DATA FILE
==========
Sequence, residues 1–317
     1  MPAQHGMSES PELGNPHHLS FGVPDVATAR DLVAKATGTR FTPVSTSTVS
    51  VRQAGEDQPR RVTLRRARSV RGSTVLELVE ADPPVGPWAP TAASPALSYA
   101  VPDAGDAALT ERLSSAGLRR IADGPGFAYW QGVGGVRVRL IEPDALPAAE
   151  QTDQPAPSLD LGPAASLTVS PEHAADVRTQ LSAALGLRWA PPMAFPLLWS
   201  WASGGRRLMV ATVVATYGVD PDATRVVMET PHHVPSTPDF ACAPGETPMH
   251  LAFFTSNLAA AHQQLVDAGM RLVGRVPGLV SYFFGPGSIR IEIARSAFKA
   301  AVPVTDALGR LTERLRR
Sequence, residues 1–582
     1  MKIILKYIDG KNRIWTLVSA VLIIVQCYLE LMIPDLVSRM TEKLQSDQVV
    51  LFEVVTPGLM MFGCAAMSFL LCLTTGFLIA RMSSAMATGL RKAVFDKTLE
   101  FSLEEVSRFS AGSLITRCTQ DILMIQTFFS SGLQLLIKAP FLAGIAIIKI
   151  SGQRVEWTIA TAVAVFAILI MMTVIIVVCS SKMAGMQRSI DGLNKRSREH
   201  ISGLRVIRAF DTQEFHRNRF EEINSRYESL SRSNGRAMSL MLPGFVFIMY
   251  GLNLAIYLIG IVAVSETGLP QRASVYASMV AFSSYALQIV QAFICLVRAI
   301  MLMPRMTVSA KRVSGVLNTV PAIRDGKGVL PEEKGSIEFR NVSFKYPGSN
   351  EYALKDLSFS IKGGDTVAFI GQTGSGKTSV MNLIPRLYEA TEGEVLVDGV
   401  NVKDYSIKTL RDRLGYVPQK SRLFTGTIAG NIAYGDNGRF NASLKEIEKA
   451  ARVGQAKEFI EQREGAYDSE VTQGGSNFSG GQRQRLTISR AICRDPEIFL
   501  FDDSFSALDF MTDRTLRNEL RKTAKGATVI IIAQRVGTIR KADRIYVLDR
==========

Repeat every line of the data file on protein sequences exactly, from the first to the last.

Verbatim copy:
Sequence, residues 1–317
     1  MPAQHGMSES PELGNPHHLS FGVPDVATAR DLVAKATGTR FTPVSTSTVS
    51  VRQAGEDQPR RVTLRRARSV RGSTVLELVE ADPPVGPWAP TAASPALSYA
   101  VPDAGDAALT ERLSSAGLRR IADGPGFAYW QGVGGVRVRL IEPDALPAAE
   151  QTDQPAPSLD LGPAASLTVS PEHAADVRTQ LSAALGLRWA PPMAFPLLWS
   201  WASGGRRLMV ATVVATYGVD PDATRVVMET PHHVPSTPDF ACAPGETPMH
   251  LAFFTSNLAA AHQQLVDAGM RLVGRVPGLV SYFFGPGSIR IEIARSAFKA
   301  AVPVTDALGR LTERLRR
Sequence, residues 1–582
     1  MKIILKYIDG KNRIWTLVSA VLIIVQCYLE LMIPDLVSRM TEKLQSDQVV
    51  LFEVVTPGLM MFGCAAMSFL LCLTTGFLIA RMSSAMATGL RKAVFDKTLE
   101  FSLEEVSRFS AGSLITRCTQ DILMIQTFFS SGLQLLIKAP FLAGIAIIKI
   151  SGQRVEWTIA TAVAVFAILI MMTVIIVVCS SKMAGMQRSI DGLNKRSREH
   201  ISGLRVIRAF DTQEFHRNRF EEINSRYESL SRSNGRAMSL MLPGFVFIMY
   251  GLNLAIYLIG IVAVSETGLP QRASVYASMV AFSSYALQIV QAFICLVRAI
   301  MLMPRMTVSA KRVSGVLNTV PAIRDGKGVL PEEKGSIEFR NVSFKYPGSN
   351  EYALKDLSFS IKGGDTVAFI GQTGSGKTSV MNLIPRLYEA TEGEVLVDGV
   401  NVKDYSIKTL RDRLGYVPQK SRLFTGTIAG NIAYGDNGRF NASLKEIEKA
   451  ARVGQAKEFI EQREGAYDSE VTQGGSNFSG GQRQRLTISR AICRDPEIFL
   501  FDDSFSALDF MTDRTLRNEL RKTAKGATVI IIAQRVGTIR KADRIYVLDR